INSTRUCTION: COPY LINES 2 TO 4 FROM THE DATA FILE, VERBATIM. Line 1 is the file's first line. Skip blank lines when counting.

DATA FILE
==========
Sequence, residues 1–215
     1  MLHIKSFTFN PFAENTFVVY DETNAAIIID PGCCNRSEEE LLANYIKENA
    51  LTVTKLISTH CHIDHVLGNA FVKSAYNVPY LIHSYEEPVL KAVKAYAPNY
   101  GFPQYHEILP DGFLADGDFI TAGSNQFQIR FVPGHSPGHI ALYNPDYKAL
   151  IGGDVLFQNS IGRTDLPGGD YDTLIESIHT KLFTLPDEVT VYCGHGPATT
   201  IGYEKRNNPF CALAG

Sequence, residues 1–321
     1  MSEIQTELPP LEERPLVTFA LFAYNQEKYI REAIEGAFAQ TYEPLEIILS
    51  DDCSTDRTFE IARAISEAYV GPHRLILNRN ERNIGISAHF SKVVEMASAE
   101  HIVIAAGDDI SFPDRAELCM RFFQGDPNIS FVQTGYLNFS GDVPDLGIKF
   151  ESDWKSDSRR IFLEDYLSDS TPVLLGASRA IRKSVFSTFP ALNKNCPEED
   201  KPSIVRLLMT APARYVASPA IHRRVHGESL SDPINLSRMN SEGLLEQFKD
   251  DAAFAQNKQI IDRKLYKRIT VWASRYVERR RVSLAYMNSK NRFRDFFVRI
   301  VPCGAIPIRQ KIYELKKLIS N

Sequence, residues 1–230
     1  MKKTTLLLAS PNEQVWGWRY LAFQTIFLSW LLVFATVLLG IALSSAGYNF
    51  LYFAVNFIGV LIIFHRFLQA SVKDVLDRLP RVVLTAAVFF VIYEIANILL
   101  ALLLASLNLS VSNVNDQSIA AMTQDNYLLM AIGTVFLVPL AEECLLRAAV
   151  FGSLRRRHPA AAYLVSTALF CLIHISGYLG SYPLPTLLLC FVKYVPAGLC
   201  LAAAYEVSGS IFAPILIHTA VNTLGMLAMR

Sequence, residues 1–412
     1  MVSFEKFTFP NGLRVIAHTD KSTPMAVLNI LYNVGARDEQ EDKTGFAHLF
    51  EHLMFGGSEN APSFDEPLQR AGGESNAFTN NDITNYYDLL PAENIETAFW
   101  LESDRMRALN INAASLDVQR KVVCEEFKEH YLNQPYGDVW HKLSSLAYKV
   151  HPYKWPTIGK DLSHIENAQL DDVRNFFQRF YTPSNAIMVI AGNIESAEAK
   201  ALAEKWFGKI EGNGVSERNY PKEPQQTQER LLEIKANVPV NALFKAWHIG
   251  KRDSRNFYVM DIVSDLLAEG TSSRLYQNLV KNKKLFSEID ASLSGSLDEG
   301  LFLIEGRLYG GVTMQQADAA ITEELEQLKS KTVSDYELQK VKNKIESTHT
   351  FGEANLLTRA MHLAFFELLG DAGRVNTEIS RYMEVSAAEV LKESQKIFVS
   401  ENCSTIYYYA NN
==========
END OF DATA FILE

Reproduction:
     1  MLHIKSFTFN PFAENTFVVY DETNAAIIID PGCCNRSEEE LLANYIKENA
    51  LTVTKLISTH CHIDHVLGNA FVKSAYNVPY LIHSYEEPVL KAVKAYAPNY
   101  GFPQYHEILP DGFLADGDFI TAGSNQFQIR FVPGHSPGHI ALYNPDYKAL